The broadcast networks are still underrepresenting Asian and Pacific Islander Americans (APIA) in prime time shows, according to a new study by the National Asian Pacific Legal Consortium.
Only 13 of 113 prime time shows studied featured at least one APIA actor, and at least four of those are either not on the air or about to exit--NBC's Hawaii (canceled) with three actors, and ABC's Boston Legal* (haitus 'til fall), ABC's NYPD Blue (ended its 12-year run), and UPN's Enterprise (canceled), all with one actor apiece.
NBC had the most shows with APIA actors at five (a total of eight actors), followed by ABC with three shows (five actors), Fox and UPN with two shows and two APIA actors apiece, and UPN with one show and one actor.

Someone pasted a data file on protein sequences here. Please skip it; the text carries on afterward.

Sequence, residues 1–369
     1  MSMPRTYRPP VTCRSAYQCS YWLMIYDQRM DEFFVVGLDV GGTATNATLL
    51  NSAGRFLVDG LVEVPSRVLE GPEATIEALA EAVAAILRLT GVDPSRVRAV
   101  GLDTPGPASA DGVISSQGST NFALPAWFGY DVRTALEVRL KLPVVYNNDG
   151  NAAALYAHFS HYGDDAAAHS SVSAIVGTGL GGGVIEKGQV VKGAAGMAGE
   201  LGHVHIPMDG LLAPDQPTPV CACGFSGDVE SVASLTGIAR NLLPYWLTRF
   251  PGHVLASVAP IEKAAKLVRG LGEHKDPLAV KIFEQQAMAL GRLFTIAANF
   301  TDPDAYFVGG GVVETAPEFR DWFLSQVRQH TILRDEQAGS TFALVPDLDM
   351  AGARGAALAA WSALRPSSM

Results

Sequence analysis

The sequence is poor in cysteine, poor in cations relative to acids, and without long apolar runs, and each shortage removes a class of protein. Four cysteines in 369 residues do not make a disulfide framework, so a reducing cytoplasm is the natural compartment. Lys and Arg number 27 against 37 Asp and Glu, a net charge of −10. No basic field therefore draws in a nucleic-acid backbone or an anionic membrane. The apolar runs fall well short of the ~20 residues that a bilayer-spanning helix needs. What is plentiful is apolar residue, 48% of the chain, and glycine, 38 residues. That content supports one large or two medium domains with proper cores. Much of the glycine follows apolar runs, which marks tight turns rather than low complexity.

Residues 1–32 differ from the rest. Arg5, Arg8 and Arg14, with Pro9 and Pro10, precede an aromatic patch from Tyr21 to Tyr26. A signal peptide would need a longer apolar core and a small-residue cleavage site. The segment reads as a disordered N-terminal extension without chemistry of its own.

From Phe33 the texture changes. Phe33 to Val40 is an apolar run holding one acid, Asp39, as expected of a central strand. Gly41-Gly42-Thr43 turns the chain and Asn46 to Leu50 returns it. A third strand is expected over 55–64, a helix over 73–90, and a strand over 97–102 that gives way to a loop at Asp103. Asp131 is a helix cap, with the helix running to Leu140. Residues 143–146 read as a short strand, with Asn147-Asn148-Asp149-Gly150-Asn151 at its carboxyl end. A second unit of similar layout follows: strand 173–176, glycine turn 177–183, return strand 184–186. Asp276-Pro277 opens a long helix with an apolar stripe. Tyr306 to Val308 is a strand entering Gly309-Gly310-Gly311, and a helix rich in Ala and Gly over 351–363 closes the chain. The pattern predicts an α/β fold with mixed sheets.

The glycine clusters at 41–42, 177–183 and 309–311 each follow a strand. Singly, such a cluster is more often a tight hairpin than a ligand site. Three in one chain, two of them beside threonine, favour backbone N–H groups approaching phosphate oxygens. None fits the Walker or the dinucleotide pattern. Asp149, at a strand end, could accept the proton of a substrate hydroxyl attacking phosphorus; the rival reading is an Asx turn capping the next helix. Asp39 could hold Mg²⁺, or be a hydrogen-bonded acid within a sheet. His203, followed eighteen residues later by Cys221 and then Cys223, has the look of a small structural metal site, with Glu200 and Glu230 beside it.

ABC's Lost has the most of any show still on the air with three actors.
On the postitive side, Lost, NBC's ER, and The WB's Gilmore Girls were singled out for special recognition for their "more complex and nuanced" APIA characters.
In the report, the NAPALC opined that the percentage of APIA regulars in prime time was less than half its actual percentage of the population.
Other highlights (or lowlights) of the study:
- Regular Asian Pacific characters are missing or underrerpresented in shows set in cities like San Francisco, New York, and Los Angeles with large populations of APIA.
- The virtual absence of APIA actors in sitcoms may suggest they do not represent the "Amreican family."
- Even when they do appear, APIA actors get "significantly" less screen time than others.
*Grey's Anatomy, the show that replaced Boston Legal, has an Asian Pacific actress in a major role.